"I wasn't depressed like Greene wanted me to be, I was just waiting to figure out what I was going to do next. I knew I was going to do another album, but I didn't know I was going to tour until I met Kane Roberts, my guitarist, who is a total metalhead. This album, Constrictor, was the hardest rock album I'd ever done, and I figured it needed to be onstage. That was all the nudge in the direction of the stage that I needed."
For the current show, Cooper avoided new concepts and returned to gimmicks that had served well at his Billion Dollar Babies and Welcome To My Nightmare peak. "We're doing some of the classic theater pieces from that period," he said. "We're doing the guillotine. In 1975 that was scary, now it's anatomically correct, so when the head comes off, it has a little pulse to it, and it spits blood. It's very splatteresque.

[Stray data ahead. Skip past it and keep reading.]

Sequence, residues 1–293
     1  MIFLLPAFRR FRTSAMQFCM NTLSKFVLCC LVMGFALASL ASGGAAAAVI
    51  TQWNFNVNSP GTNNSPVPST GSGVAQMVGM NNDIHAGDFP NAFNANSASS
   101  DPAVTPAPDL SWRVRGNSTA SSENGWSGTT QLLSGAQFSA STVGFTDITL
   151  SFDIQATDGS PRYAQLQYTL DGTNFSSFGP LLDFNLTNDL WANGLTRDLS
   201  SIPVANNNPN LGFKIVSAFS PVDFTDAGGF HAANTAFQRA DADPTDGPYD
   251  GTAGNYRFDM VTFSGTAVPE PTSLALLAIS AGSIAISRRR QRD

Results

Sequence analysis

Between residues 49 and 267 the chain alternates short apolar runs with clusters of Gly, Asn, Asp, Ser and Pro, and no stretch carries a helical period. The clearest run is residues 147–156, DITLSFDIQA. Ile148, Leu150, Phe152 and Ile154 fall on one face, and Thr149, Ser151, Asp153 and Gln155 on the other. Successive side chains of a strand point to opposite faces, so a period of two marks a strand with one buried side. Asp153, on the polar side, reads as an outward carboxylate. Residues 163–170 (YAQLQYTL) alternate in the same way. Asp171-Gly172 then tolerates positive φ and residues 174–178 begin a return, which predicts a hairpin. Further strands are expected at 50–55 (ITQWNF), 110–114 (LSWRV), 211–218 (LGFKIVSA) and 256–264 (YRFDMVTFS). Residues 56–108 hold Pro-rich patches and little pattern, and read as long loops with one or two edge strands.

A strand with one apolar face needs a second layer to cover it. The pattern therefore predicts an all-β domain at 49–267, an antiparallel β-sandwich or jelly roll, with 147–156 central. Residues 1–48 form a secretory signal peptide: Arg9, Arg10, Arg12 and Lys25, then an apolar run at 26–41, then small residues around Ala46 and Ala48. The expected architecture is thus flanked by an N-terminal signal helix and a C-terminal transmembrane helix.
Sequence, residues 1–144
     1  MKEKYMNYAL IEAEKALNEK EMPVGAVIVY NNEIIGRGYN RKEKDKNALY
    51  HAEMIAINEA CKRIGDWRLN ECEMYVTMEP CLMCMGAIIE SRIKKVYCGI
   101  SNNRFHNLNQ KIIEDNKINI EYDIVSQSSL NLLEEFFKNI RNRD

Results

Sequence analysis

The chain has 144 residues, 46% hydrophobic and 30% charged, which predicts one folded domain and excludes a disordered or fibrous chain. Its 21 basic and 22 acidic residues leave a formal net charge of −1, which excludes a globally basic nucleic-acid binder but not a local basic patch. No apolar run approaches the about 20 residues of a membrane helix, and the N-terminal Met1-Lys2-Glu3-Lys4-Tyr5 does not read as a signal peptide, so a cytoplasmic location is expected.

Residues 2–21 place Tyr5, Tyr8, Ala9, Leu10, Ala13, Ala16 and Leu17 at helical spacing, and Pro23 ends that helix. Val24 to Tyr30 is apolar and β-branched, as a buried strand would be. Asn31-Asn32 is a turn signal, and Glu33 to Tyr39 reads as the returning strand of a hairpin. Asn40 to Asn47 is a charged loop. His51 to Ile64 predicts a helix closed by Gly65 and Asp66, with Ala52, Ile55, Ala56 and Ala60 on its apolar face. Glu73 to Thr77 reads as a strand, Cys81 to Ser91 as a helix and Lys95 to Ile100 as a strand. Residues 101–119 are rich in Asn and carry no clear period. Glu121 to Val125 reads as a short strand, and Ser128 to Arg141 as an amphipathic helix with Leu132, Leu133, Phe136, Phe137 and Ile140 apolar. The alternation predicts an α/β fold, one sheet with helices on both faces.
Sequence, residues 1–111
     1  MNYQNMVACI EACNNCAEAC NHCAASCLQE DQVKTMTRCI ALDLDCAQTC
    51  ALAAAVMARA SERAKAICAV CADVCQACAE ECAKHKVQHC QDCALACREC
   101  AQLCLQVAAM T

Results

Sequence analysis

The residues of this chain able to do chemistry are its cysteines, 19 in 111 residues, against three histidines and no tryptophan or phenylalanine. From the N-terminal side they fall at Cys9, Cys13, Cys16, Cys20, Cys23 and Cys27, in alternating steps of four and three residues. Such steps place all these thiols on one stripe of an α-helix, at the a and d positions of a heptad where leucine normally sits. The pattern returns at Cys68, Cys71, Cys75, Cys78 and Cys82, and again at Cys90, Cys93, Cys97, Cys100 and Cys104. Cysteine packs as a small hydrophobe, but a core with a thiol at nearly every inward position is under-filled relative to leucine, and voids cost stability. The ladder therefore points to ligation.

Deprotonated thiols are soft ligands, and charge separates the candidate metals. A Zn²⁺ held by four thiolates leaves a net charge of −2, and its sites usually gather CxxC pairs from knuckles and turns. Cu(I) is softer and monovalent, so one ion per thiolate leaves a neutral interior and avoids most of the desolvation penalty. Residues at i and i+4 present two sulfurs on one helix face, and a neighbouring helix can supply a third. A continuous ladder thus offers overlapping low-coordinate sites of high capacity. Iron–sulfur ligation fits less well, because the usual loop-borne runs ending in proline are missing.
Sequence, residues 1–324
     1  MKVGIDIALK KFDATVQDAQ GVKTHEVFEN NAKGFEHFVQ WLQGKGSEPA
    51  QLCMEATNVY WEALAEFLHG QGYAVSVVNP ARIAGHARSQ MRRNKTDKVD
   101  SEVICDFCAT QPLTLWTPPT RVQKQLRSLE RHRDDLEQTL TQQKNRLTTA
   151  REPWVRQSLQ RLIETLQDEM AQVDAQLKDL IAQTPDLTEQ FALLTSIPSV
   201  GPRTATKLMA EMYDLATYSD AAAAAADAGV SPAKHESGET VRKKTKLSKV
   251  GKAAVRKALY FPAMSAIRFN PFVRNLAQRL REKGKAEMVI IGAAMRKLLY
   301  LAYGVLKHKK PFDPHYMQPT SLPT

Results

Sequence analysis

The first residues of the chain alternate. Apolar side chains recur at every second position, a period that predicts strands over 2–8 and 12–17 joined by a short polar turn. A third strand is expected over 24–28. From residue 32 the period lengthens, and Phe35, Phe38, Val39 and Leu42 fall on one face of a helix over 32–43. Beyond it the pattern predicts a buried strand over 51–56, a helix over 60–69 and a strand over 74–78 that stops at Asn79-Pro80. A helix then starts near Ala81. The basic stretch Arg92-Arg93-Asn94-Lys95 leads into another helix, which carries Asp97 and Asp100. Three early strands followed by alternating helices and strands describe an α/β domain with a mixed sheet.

"The show is definitely steeped in a black sense of humor. You'll never get rid of that from me. I have a woman executioner who's seven-foot-two, and when she cuts the head off, she holds it out to the audience, then she kisses it and it spits blood all over her face as one last act of defiance. People laugh and yet they're horrified at the same time. And that's exactly the reaction I want. I love scaring people, but at the same time I want them to know that what Alice does is produced show business, and it came out of somebody's brain. What I'd be worried about is whose brain."
Cooper's alcohol problems have been well documented. His 1978 masterpiece, From The Inside, pro¬duced by local shlockmeister David Foster, documented his first attempt at wrestling John Barleycorn and included the throat-lumping ballad, How You Gonna See Me Now? "I really hadn't decided to stop drinking then," said Cooper. "I was just taking a vacation."
He stopped imbibing four years ago and likes to brag that, at his current "fighting weight" of 135 pounds, he is in better shape than a decade ago. Of his ordeal with the flask, "I had a choice: either stop or die. Before I could go to a place to really quit, I had to go to a regular hospital. I had drank myself into bed. I had gastritis and I hadn't eaten in 20 days. It wasn't fun; it wasn't hip; it wasn't anything other than an addiction I couldn't cope with.